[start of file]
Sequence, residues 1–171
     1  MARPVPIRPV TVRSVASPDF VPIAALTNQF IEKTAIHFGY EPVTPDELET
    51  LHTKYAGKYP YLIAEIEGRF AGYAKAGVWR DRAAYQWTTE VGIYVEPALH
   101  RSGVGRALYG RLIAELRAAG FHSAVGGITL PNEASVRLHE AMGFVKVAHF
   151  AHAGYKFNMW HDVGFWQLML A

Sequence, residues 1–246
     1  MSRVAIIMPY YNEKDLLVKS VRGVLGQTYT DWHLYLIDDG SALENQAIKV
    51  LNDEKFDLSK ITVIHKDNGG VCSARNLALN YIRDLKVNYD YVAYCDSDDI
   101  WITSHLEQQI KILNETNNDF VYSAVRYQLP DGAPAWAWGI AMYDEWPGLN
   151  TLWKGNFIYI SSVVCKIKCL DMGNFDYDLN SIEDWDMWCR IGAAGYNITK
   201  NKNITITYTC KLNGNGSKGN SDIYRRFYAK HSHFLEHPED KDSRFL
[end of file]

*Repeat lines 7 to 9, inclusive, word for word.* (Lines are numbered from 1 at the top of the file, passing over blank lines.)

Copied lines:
     1  MSRVAIIMPY YNEKDLLVKS VRGVLGQTYT DWHLYLIDDG SALENQAIKV
    51  LNDEKFDLSK ITVIHKDNGG VCSARNLALN YIRDLKVNYD YVAYCDSDDI
   101  WITSHLEQQI KILNETNNDF VYSAVRYQLP DGAPAWAWGI AMYDEWPGLN